Vaccines for over 50s

Clocktower Medical Centres Dr Lloyd Waters, with nurse immuniser Marion Spencer and Rita Mlinaric receiving her COVID-19 vaccination.
Clocktower Medical Centres Dr Lloyd Waters, with nurse immuniser Marion Spencer and Rita Mlinaric receiving her COVID-19 vaccination.

OVER-50s now have access to COVID-19 vaccinations, with phase 2A of the vaccine rollout brought forward to this week.

As of yesterday, people aged 50 years and over can receive the AstraZeneca vaccine at respiratory clinics like Inglis Medical Centre in Sale, and state and territory vaccination clinics.

Most participating general practices will have the vaccine from May 17, although some will have it earlier.

To help fast-track the rollout, 16 high-volume vaccination centres are opening across Victoria this week - including one at Traralgon Racecourse, managed by Latrobe Regional Health.

Bookings are essential at the high-volume Traralgon centre and can be made by phoning 1800 675 398.

A number of these open access centres will offer a clear pathway to the Pfizer vaccine strictly for those eligible to receive it.

The Pfizer vaccine is supply limited and prioritised for eligible people under the age of 50 in phase 1a and 1b of the Commonwealth's program, in line with advice from the Australian Technical Advisory Group on Immunisation.

State Health Minister Martin Foley said the best way people could support Victoria's recovery from COVID-19 was to take the opportunity to be vaccinated as they were eligible.

"We've worked hard to have 22 sites open to the eligible public by [Monday], and there'll be more to come.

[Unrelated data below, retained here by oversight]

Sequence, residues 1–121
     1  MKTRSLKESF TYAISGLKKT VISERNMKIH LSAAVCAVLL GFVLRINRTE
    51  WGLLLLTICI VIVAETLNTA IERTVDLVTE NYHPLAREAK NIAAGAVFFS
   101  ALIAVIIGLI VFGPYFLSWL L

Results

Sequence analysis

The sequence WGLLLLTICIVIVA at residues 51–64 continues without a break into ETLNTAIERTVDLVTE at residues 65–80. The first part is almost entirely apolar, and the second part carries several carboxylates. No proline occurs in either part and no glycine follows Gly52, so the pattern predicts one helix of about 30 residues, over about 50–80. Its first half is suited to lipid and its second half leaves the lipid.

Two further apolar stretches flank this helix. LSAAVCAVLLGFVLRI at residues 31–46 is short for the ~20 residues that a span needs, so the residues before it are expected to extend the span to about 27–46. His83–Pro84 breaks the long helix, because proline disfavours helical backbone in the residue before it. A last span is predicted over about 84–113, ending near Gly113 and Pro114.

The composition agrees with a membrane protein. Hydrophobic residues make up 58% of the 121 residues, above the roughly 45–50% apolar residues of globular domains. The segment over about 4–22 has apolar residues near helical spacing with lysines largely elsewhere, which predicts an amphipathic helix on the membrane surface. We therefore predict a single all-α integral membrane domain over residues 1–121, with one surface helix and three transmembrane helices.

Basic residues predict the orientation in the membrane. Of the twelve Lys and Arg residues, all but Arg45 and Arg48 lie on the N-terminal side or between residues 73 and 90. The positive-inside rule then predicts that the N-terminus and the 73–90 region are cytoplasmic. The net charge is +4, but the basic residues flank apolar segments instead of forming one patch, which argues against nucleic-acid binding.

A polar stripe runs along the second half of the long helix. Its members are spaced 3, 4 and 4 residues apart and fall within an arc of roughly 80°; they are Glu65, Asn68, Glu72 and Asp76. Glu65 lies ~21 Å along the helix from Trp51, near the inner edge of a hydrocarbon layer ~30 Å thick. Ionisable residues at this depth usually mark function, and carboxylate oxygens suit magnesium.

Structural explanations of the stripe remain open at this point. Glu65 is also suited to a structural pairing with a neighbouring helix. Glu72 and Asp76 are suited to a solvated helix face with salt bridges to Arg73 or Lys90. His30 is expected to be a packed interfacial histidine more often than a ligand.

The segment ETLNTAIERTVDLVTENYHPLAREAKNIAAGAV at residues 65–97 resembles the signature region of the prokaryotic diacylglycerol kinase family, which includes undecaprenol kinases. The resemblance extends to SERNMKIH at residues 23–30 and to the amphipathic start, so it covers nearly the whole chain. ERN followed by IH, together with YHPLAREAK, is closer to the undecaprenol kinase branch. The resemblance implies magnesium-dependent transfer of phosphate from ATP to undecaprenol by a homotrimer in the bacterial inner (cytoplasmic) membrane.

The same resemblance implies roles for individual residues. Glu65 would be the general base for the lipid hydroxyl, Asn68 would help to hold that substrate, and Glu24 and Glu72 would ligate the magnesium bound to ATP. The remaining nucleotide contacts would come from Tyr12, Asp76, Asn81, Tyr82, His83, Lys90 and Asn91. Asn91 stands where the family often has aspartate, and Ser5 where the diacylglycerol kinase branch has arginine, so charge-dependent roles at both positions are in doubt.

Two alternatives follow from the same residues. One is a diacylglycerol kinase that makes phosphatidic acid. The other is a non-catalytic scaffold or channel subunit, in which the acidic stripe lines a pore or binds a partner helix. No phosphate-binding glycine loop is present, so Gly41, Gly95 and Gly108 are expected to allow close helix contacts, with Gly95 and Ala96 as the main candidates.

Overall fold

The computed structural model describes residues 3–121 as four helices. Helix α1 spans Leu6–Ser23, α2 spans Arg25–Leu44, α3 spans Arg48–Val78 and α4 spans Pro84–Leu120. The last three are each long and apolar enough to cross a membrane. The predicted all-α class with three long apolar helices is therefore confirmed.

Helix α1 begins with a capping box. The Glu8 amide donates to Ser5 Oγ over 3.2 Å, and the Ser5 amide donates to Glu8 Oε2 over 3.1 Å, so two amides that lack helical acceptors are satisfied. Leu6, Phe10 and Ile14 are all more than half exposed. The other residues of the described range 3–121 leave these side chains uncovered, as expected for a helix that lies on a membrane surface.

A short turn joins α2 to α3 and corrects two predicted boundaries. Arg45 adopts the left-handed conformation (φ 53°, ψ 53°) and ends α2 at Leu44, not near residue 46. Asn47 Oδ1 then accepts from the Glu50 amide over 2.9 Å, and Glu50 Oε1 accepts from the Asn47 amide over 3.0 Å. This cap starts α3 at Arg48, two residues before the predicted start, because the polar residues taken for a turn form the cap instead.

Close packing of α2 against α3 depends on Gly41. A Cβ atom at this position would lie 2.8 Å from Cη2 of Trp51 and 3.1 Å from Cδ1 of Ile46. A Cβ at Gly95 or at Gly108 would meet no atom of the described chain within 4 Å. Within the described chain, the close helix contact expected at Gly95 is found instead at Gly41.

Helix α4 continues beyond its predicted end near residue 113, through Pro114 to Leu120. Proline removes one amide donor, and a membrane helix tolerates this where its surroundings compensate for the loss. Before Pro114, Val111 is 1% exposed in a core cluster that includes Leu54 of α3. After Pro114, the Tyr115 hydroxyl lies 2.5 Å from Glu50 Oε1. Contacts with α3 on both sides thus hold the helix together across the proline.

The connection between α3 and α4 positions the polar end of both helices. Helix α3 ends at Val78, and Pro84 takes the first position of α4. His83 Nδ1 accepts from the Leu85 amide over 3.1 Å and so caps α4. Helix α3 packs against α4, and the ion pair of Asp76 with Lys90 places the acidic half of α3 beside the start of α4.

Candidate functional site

"Initially, we are asking Victorians to phone up and book if you aren't headed to a high-volume vaccination centre."

Many of those only eligible for the AstraZeneca vaccine will choose to be vaccinated at their local respiratory clinic or participating GP.

Federal Health Minister Greg Hunt said the vast majority of general practices would begin vaccinating from May 17.

But a Sale Clocktower Medical Centre spokesperson said bookings were now open there for phase 2A of the rollout, and people were able to be vaccinated from this week.

Those aged over 50, Aboriginal and Torres Strait Islanders aged over 18 and other critical and high risk workers are eligible.

Those in 2A join people aged over 70, Aboriginal and Torres Strait Islander patients aged over 55, other health care workers and critical and high risk workers including defence and emergency service personnel and meat processing workers in being able to access the vaccine.

The broadening of patient criteria reflects changes to the rollout schedule announced by the federal government on April 21.

Clocktower Medical Centre is delivering the AstraZeneca vaccination, and has reported some patients are deferring the COVID-19 vaccination because they are unsure or nervous after recent reports of rare complications in a small number of patients.

The clinic's doctors urge these people to speak with them regarding their concerns and questions, adding it was imperative vaccination was taken up by the majority of the community to ensure Australia is protected from more COVID-19 outbreaks in the future.

It says it has not had any serious side effects reported by any patients who have received the AstraZeneca vaccine.

The Australian Technical Advisory Group on Immunisation recommends the Pfizer vaccine is preferred over AstraZeneca in adults aged under 50 years.

The recommendation is based on the increasing risk of severe outcomes from COVID-19 in older adults (and hence a higher benefit from vaccination) and a potentially very rare but increased risk of thrombosis with thrombocytopenia following AstraZeneca vaccine in those under 50 years.

AstraZeneca can be used in adults aged under 50 years where the benefits are likely to outweigh the risks for that individual, and the person has made an informed decision based on an understanding of the risks and benefits.

People who have had the first dose of AstraZeneca without any serious adverse effects can be given the second dose, including adults under 50 years.

The COVID-19 vaccination must be separated by two weeks from any other vaccinations, including the flu vaccinations.

More information about bookings and locations, visit vic.gov.au/vaccine.

For more information about the Commonwealth's vaccination program, visit health.gov.au.

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